Modern-day shotgun slugs have had their own evolution and history, and as you may suspect, they’re not all created equal.
What styles of shotgun slugs are available today:
In general, there are two main types of shotgun slugs: Full-bore slugs, in essence, fill up most of the bore of the shotgun as they travel down the barrel, and sabot slugs that employ a plastic sabot to engage the rifling and then drop off after it leaves the barrel, much like a wad deviates from a load of birdshot in flight.
This is the original slug created to be fired in a smoothbore shotgun. Karl M. Foster started making them for neighbors in the early ‘30s as people were looking for something to knock down a deer to feed families during the Great Depression. Foster originally hand-cast these slugs and filed grooves on the side for rifling, which is much the same as Foster-type slugs appear today.
The Foster slug’s greatest characteristic is a hollow rear portion, which puts most of the weight near the tip of the slug. If the slug starts to yaw in flight, which they almost always do, the weight forward aspect is thought to bring the slug back into a straighter, more stable flight … much the same as a badminton shuttlecock or air rifle pellet works.
Foster slugs are also known as “American” slugs to distinguish them from European-type slugs such as the Brenneke. Rifling on the Foster slug gives it no gyroscopic spin advantage as barrel rifling does with a rifle bullet, but the grooves on the side of these shotgun slugs do allow for easier transition as they’re swaged down to pass through various chokes.
Foster slugs are capable of being fired through most shotgun chokes, rifled choke tubes and rifled shotgun barrels — though shooting a Foster through a rifled barrel will do little more than dramatically foul the rifling. Stay away from super-tight turkey chokes with any slug; at the very least, “pinching” will occur and group sizes will be measured in feet, not inches.
For reasons not clear to anyone, including me, gun writers in the era when Foster was around confused his name with the Forster Brothers who made reloading tools during this same period. So, sometimes you may see “Forster” when referring to the Foster-style slug.
The German Wilhelm Brenneke gave us the Brenneke slug in 1898. The chief variance from the Foster slug is that the Brenneke is solid and has a wad attached to the rear of the slug that remains on the slug after firing. The wad may be plastic, cellulose fiber or felt, and it gives the slug stabilization in flight.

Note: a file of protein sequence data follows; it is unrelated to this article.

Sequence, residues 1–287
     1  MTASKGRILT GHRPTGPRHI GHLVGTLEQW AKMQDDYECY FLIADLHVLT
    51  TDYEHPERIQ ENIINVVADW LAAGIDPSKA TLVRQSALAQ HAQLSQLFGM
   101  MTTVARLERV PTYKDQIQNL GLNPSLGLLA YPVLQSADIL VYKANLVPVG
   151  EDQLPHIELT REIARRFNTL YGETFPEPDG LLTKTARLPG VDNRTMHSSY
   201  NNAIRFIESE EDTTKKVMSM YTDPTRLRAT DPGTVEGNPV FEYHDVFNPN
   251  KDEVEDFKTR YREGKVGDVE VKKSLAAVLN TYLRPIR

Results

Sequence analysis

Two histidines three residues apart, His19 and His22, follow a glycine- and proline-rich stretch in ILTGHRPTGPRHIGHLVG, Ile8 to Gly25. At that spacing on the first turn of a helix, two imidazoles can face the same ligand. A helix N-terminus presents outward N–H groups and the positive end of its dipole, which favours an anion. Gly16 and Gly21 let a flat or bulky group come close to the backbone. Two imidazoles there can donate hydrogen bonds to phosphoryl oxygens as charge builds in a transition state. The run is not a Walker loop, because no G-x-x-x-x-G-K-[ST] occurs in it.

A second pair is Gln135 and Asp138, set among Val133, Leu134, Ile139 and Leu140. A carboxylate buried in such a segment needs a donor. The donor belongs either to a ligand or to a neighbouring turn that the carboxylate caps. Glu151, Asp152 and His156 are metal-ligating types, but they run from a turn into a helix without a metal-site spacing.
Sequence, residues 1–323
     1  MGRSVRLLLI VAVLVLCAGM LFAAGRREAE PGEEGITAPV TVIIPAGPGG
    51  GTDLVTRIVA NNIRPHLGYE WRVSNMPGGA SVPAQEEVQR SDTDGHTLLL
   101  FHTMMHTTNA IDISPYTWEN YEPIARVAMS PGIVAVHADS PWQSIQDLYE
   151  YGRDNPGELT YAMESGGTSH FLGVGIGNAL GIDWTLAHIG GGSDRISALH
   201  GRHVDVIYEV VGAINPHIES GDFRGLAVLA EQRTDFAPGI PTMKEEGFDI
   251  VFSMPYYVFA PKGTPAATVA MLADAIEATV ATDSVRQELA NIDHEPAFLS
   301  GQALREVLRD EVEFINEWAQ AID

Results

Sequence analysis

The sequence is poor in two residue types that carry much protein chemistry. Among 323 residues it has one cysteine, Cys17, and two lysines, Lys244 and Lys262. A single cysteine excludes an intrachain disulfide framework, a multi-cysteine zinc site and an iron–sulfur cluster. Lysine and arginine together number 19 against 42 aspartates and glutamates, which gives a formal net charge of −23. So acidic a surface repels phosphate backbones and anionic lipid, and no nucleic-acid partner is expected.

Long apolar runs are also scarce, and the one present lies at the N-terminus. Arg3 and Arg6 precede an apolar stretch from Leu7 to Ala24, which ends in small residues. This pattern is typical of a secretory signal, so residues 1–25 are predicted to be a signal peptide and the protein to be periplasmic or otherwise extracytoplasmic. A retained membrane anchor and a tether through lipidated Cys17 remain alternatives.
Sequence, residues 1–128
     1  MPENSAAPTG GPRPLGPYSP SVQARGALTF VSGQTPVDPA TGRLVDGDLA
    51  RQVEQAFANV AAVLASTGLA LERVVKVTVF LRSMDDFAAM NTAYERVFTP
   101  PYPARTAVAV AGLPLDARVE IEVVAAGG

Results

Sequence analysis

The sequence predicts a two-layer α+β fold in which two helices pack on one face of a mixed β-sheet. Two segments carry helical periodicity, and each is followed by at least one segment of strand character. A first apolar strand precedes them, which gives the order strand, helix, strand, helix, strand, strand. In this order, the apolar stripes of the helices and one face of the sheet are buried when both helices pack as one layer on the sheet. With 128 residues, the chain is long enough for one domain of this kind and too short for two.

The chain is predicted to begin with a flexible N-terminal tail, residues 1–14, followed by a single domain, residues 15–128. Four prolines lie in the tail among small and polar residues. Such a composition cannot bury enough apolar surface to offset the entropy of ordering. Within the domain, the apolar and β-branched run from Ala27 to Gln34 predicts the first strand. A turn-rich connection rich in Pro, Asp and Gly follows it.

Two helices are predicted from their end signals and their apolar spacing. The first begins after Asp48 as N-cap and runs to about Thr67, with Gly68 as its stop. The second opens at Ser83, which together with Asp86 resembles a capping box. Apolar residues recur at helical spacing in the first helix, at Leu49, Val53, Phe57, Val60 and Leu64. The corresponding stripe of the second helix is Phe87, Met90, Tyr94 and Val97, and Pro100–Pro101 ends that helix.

Like the Foster, the grooves on the side of the Brenneke give it no spin stability but do help with moving into a choke with less deformation. The Brenneke slug is solid and gives more penetration with less deformity and is often chosen for dangerous animal applications, as well as some military and law enforcement needs.
The shotgun slug that so many of us have trouble pronouncing (sab-oh, the “a” is short and the “t” is silent), a plastic sabot encases the slug and engages the barrel’s rifling, giving the slug much of the spin advantage of a rifle bullet. To be most effective, the sabot needs to drop from the slug as soon as possible after leaving the barrel, much like a birdshot wad.
Shotgun slugs came out of the dark ages with the advent of the sabot slug and rifled shotgun barrels. What we have now with sabots is, in effect, rifle bullets the size of shotgun slugs (.72 caliber for 12 gauge and .61 for 20 gauge). This is a huge piece of lead or copper cast downrange at the target. Ballistic-tip slugs slip through the air with a much greater ballistic coefficient than the punkin’ ball slugs of old, which means they fly farther with greater retained velocity. Many slug shooters will tell you that, with the right gun and slug combination, 200-yard shots are not out of the question.
Editor's Notes: This article originally appeared in the June 2018 issue of Gun Digest the Magazine.
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